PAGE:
• You can also use Equifactor® during an injury investigation if one of your Causal Factors happens to be an equipment failure.
  • Similarly, during an investigation of a Quality deviation, you may find a failure of a piece of equipment on the manufacturing line. Again, it could be employed to better understand the causes of the equipment failure (probably a Causal Factor), which will then lead to a better root cause analysis.

Use Equifactor® anytime an equipment failure is involved in your investigation. It’s an effective, efficient way to make sure you are fully covering all the possible errors and failures during your TapRooT® analysis.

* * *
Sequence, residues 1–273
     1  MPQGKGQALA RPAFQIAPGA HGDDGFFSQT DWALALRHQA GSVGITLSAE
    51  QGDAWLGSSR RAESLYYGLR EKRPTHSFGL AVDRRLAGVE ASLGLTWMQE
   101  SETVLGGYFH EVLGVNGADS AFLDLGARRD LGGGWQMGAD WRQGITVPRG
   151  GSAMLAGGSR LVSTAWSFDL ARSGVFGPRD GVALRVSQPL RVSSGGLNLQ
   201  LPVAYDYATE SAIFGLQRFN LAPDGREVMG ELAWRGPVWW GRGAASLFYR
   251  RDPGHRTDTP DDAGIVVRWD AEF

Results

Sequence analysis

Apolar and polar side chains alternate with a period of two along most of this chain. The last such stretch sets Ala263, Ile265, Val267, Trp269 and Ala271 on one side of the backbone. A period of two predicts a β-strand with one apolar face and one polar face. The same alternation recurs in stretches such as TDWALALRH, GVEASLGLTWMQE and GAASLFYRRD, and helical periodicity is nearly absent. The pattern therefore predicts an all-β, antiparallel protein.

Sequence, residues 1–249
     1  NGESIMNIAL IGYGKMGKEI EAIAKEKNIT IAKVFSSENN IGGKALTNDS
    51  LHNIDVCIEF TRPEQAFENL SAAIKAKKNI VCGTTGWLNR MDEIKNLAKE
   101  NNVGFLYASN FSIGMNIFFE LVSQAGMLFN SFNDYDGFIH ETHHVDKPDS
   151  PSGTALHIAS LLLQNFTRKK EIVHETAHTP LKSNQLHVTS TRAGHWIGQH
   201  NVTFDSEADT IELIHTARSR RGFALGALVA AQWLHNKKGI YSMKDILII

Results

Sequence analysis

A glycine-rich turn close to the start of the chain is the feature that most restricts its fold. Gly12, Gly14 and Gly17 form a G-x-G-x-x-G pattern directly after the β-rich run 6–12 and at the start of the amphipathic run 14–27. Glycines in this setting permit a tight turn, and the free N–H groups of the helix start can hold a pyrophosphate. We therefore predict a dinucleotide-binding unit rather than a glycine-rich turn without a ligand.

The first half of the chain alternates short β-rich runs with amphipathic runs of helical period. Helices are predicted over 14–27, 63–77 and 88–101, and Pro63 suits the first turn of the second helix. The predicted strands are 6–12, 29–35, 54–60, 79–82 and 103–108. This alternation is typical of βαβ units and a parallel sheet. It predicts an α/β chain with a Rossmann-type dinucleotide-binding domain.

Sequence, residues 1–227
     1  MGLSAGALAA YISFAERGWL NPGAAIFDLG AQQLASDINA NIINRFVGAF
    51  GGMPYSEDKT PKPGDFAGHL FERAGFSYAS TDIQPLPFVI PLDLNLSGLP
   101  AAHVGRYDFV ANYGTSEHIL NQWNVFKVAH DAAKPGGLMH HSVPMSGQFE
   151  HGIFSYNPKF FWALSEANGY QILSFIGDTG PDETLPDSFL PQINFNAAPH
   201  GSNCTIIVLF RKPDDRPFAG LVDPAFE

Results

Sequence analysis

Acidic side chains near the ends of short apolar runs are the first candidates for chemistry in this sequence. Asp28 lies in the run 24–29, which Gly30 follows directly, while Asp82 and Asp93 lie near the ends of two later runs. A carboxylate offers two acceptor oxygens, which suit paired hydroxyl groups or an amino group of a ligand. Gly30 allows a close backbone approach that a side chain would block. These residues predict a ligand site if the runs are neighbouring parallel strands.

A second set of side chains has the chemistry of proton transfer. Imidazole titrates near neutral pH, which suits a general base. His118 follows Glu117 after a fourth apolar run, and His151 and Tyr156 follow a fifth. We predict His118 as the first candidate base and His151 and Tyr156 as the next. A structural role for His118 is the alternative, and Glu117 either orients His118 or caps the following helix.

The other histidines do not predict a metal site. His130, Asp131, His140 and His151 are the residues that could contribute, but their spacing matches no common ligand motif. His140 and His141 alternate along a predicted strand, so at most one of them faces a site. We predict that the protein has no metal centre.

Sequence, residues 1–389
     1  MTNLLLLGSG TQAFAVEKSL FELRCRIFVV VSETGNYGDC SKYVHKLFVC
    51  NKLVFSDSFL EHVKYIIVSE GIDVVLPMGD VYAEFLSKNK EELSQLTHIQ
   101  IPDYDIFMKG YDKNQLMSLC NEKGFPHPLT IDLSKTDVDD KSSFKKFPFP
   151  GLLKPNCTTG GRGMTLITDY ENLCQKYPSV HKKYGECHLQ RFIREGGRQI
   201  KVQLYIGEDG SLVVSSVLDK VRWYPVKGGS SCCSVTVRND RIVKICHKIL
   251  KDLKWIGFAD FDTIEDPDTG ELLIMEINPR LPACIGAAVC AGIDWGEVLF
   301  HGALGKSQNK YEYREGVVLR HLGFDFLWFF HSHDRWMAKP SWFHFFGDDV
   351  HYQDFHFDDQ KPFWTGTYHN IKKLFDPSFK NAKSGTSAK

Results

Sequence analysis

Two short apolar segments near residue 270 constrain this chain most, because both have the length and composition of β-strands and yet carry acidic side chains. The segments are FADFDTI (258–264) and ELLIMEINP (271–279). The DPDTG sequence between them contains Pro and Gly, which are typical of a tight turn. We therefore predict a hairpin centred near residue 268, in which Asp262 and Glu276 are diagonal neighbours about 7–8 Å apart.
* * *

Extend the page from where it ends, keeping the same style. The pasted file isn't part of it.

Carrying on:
Get the new book & a masterclass of learning in an Equifactor® Troubleshooting Course

The recently remastered 2-Day Equifactor® Equipment Troubleshooting & TapRooT® Root Cause Analysis Course comprises the complete package, as students receive the course, the new book, and the workbook. Take a look at the full course description.

Now is a great opportunity to get your maintenance personnel, equipment operators, and supervisors trained to increase equipment reliability at your plant.

We are excited to share with you the upcoming public Equifactor® coursesReach out to us if you have any questions. To discuss on-site course arrangements, call us: 865.539.2139.

Accident, Equipment Reliability / Equifactor®
Show Comments

Leave a Reply

Your email address will not be published. Required fields are marked *